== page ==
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Expansion Tank Repair

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  • Expansion Tank Repair

    Some years ago Johng (John Goulet) was frustrated that he couldn't keep his expansion tanks from leaking. That got me going and I asked him to send his leaking tanks to me. He sent two.

    After assesing the damage, I could see why these brass tanks crack and leak. Over the years the cooling system pressure tries to turn them into a ball. They flex too many times causing the solder joint to give up. So, I tried something new. I drilled three sets of holes through the top and bottom of the tank, sent bronze rods through, and soldered the ends. No more flex and no more problems. CLICK HERE for the site. - Dave
    My latest project:
    CLICK HERE to see my custom hydraulic roller 390 FE build.

    "We've got to pause and ask ourselves: How much clean air do we need?"
    --Lee Iacocca

    From: Royal Oak, Michigan

  • #2
    what a great idea with the brass rods to control expansion. what was the alloy you used to solder with? I've had to re-solder a small seam leak on my old '59 but that was 50 tears ago (OMG) but luckily no cracks. but after 50 more years of expansion I see the stress turning into cracks.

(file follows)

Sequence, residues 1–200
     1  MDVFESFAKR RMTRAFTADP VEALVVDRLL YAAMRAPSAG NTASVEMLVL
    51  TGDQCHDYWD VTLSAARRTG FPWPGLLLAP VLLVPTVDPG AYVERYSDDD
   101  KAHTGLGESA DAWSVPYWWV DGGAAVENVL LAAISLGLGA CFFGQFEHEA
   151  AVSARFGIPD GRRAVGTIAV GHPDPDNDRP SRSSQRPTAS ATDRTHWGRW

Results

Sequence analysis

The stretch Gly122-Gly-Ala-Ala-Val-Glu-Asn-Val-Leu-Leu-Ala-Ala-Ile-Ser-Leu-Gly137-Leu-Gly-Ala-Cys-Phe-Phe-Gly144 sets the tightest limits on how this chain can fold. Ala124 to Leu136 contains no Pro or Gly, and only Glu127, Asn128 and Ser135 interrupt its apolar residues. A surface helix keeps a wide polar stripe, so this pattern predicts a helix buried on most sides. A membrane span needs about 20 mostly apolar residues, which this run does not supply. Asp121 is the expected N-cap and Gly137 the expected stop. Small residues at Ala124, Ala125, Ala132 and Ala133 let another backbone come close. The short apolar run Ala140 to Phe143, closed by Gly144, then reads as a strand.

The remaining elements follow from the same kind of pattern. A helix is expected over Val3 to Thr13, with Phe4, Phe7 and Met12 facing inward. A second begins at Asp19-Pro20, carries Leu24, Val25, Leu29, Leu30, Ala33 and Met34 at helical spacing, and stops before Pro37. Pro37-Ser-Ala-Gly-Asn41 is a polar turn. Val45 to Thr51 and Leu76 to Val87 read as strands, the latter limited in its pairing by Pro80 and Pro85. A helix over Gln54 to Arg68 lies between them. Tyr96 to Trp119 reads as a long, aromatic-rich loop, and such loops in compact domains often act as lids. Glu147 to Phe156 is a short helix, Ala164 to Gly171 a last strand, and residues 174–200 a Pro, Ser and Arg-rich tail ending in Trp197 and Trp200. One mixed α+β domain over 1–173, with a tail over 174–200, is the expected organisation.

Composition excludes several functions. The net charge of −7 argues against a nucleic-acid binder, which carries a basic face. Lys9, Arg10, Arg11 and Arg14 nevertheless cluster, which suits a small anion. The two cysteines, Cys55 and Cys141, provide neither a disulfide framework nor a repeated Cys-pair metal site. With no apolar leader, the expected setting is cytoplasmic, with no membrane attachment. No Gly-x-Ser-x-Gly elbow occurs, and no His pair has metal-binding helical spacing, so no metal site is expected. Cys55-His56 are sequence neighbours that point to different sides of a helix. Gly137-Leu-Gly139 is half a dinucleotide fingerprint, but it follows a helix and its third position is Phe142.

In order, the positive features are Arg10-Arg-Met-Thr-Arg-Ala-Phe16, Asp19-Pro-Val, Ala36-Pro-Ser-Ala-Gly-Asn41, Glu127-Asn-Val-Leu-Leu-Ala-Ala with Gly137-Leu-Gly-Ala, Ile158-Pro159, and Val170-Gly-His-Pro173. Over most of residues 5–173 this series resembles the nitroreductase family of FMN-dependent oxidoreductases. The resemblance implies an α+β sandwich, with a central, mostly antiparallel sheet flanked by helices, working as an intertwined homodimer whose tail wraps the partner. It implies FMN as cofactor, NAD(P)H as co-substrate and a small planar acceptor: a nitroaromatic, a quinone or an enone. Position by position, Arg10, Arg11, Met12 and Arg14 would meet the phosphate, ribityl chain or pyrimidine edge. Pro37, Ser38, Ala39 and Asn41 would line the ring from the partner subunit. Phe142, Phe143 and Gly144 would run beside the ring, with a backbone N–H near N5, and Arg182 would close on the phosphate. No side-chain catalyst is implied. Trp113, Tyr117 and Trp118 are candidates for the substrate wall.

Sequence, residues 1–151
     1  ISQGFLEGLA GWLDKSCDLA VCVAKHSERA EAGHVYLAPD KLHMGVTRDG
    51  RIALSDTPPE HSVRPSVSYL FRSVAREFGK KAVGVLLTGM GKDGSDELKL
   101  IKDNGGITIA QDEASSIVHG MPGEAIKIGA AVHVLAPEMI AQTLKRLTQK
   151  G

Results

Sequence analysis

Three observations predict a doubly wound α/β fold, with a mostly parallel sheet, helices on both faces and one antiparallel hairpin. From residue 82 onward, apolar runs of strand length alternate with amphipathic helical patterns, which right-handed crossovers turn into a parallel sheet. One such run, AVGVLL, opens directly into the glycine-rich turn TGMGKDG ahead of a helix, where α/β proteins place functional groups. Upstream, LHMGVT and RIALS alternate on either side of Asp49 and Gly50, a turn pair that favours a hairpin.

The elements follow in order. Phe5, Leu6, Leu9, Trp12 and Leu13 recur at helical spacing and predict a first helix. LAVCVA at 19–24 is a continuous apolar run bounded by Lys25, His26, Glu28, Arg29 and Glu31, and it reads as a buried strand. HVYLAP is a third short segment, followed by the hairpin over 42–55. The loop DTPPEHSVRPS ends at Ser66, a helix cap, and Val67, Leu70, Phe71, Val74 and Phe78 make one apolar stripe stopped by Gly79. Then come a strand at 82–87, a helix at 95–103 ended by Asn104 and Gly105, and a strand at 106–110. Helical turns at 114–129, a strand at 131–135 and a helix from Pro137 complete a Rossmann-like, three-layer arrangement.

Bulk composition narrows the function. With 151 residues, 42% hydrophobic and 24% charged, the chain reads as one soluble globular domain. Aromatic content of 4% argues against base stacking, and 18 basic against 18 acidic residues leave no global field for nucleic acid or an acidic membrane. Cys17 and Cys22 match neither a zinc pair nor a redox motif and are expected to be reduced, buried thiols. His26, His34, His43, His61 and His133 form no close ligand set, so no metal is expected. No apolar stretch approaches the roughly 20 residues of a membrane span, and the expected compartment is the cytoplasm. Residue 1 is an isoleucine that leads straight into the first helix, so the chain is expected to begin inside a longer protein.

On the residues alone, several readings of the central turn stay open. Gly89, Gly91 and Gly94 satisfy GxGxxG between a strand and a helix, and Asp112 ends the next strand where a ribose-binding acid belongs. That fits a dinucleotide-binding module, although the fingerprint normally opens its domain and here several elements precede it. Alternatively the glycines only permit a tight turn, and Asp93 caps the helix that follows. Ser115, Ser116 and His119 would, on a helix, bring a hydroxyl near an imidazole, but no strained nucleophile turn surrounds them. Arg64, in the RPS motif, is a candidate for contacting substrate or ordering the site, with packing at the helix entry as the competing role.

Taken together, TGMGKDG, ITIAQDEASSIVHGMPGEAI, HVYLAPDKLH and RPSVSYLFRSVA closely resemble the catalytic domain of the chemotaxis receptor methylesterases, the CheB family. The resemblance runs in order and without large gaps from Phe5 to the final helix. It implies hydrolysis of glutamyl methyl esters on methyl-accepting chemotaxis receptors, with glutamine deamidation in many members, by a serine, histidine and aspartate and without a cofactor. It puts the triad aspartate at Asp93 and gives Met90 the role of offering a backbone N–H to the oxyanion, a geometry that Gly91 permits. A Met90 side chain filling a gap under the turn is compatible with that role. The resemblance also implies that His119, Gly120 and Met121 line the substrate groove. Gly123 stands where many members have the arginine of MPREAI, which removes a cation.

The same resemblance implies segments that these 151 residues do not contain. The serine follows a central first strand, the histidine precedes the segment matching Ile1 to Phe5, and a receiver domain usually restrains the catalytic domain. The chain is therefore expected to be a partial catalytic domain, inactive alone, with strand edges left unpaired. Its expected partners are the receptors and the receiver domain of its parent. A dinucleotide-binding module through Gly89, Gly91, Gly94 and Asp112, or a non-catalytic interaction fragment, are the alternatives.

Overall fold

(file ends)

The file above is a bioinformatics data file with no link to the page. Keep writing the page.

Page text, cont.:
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    • #3
      Frank, all the box stores sell 'silver-bearing' solder for sweating rigid copper tubing. I'm not opposed to using lead (because I'm an Electrician by trade) but the new solders include antimony with tin which is stronger, with a slightly higher melting temperature. They sell matching paste for this solder which is different from 'flux for lead solder'. The trick is, keep all oil including finger prints away from your solder job. I clean everything with lacquer thinner on a rag. Perfect for this application. The new solder and paste prices are good too.

      Early Squarebird expansion tank halves have a smooth surface, top and bottom like the first one in my site. Later tanks have ribs stamped into the 'clam shells' which helps with rigidity but still no cigar. You are right about 50+ years of flexing, sometimes twice per day. I don't know why nobody else thought of using 'tie rods' (which is exactly what they are). Using three rods is far more effective than two but either way, 'bloating' simply can not happen any more which makes the same solder seams even stronger. The cost of this repair is nearly for free if you have the materials hanging around the garage.

      I know restorers who simply re-solder every time their tank leaks. Two things happen; the leaks come back and they are afraid to travel too far away when it happens. This fix is permanent and worry-free. - Dave
      My latest project:
      CLICK HERE to see my custom hydraulic roller 390 FE build.

      "We've got to pause and ask ourselves: How much clean air do we need?"
      --Lee Iacocca

      From: Royal Oak, Michigan

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